Monday, May 07, 2007

This photo of a jaunty 52 year old man and a star-struck young lady was a crime. The young woman you see is me and I am standing with Mordechai Vanunu. Mordechai is the Israel Daniel Ellesburg, a brave man who was imprisoned 18 years for exposing Israel’s secret nuclear weapons program. Of those 18 years, Mordechai spent 11 in solitary confinement. “I have sacrificed my freedom and risked my life in order to expose the danger of nuclear weapons which threatens this whole region. I acted on behalf of all citizens and all of humanity,” says Mordechai. On April 30th, Vanunu was convicted violating a military order forbidding him from speaking to foreign journalists. Now this man, who has already suffered so much on behalf of nuclear disarmament, is facing more jail time.

I became interested in Mordechai’s continuing plight when I met with him at St. George’s Cathedral in Jerualem and he committed the crime of speaking to me. I found his story engrossing. For most of my life, Mordechai has been held captive for a disclosing a grave danger to my life and the lives of all of us on this planet. In 1986, when I was just two years old, Mordechai told Britain's Sunday Times that Israel assembled hydrogen and neutron bombs at the Dimona reactor and was annually producing 40 kilograms of plutonium, enough to make 10 atom bombs. He was soon abducted and imprisoned.

Just before I turned 20, Mordechai was released, but not freed. As soon as Mordechai stepped out of prison, he was slapped with a military order controlling his movements within Israel, preventing him from leaving the country and barring him from contacting foreigners. Israeli authorities insist that after 18 years, Mordechai still knows military secrets.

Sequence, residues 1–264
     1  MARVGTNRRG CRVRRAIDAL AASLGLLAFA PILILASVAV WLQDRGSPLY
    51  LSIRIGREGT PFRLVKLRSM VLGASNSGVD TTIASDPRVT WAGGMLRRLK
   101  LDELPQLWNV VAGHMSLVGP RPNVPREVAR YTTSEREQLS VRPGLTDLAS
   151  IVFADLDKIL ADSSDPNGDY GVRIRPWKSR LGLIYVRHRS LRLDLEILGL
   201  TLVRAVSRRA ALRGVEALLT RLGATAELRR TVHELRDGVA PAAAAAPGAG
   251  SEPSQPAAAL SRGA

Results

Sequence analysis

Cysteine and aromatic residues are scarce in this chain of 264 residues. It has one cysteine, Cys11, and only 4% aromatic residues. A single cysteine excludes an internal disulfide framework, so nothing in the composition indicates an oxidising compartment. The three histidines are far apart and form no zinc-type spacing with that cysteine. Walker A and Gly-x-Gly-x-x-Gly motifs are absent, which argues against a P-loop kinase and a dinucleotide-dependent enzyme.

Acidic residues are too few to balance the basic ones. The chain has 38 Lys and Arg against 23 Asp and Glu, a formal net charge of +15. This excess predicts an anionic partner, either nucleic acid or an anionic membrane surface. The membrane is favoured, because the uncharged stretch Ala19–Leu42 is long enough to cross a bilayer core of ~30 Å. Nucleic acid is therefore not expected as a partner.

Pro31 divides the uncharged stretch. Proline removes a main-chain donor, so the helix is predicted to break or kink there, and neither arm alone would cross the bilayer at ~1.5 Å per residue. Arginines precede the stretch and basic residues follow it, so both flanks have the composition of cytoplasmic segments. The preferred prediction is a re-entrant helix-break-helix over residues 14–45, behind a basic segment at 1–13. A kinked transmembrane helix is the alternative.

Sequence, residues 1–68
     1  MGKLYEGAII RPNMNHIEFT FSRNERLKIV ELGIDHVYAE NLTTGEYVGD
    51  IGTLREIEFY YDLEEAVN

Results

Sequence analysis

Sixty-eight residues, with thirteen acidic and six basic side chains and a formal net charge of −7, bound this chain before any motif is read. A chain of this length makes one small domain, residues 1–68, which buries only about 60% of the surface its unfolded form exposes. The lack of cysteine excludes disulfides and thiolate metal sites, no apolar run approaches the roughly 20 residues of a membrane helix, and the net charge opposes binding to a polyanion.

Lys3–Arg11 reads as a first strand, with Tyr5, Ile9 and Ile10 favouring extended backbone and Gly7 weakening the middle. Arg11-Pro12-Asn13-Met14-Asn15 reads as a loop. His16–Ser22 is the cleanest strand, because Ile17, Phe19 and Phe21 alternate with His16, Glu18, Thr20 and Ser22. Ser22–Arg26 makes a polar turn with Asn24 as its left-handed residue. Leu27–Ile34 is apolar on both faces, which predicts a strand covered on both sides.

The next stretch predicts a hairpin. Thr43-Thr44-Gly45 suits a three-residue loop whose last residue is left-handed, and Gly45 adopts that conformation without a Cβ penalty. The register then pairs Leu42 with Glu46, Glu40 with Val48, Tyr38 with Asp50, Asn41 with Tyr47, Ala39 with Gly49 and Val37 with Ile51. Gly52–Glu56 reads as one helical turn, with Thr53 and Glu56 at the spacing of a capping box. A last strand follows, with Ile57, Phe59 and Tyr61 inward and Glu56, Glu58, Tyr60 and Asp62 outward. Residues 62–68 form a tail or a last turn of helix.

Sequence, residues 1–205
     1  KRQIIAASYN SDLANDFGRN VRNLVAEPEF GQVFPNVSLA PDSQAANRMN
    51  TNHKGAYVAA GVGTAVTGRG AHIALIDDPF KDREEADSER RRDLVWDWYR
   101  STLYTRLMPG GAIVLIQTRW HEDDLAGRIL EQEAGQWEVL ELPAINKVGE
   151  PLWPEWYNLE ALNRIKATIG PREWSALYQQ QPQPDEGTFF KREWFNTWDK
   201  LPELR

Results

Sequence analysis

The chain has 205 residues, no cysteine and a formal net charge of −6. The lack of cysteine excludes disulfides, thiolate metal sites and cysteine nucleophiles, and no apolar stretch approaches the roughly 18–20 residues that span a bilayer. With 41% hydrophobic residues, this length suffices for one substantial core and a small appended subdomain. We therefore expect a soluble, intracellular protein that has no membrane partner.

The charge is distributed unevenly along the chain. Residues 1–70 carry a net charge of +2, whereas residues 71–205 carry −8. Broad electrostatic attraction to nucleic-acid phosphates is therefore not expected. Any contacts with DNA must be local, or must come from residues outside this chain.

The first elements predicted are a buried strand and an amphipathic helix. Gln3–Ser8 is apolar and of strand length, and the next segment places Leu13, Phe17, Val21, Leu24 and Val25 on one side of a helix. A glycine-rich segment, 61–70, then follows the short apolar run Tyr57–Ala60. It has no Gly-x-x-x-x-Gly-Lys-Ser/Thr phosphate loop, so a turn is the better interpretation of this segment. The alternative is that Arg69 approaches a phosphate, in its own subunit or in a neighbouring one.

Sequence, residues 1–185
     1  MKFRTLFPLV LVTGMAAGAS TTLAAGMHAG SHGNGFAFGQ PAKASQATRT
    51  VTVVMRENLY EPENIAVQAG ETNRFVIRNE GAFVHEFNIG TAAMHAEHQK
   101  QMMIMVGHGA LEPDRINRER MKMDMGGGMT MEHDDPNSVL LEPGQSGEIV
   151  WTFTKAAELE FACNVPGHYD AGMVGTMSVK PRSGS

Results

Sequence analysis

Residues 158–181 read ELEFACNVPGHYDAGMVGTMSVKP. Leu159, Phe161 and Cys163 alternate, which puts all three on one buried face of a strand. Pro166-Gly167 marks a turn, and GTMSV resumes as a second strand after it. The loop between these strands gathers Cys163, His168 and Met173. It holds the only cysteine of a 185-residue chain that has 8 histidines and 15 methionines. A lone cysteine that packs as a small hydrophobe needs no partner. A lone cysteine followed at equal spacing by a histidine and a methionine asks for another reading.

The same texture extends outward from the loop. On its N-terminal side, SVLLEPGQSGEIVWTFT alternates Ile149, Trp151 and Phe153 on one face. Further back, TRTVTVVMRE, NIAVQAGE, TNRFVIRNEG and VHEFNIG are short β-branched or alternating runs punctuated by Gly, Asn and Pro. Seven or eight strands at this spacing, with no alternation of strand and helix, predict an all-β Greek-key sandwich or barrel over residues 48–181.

But Mordechai is easily the most stubborn person I know. When the Israeli military forbade him from speaking with foreigners, Mordechai decided to speak only to foreign journalists. Mordechai has become a master of non-cooperation, techniques that he says helped to keep him sane during his long years of solitary confinement. But Mordechai has paid the price of conscience and more. As he tells anyone who will listen, “All that I want is to be free, to leave [Israel].”

I am now 23 years old and Mordechai’s stubbornness has caught up him. On April 30th, he was convicted on 14 counts of speaking with foreign journalists, telling them, it seems, exactly what he told newspapers in 1986. Sentencing will take place May 18th. His lawyer has pointed out that, “this verdict convicts a person for being in contact with other people - regardless of the content of their conversation.” Amnesty International has said that if Mordechai is jailed, they will regard him as a prisoner of conscience.

Mordechai has more than served his time. How much more of my life will Mordechai spend behind bars for the crime of telling the truth?

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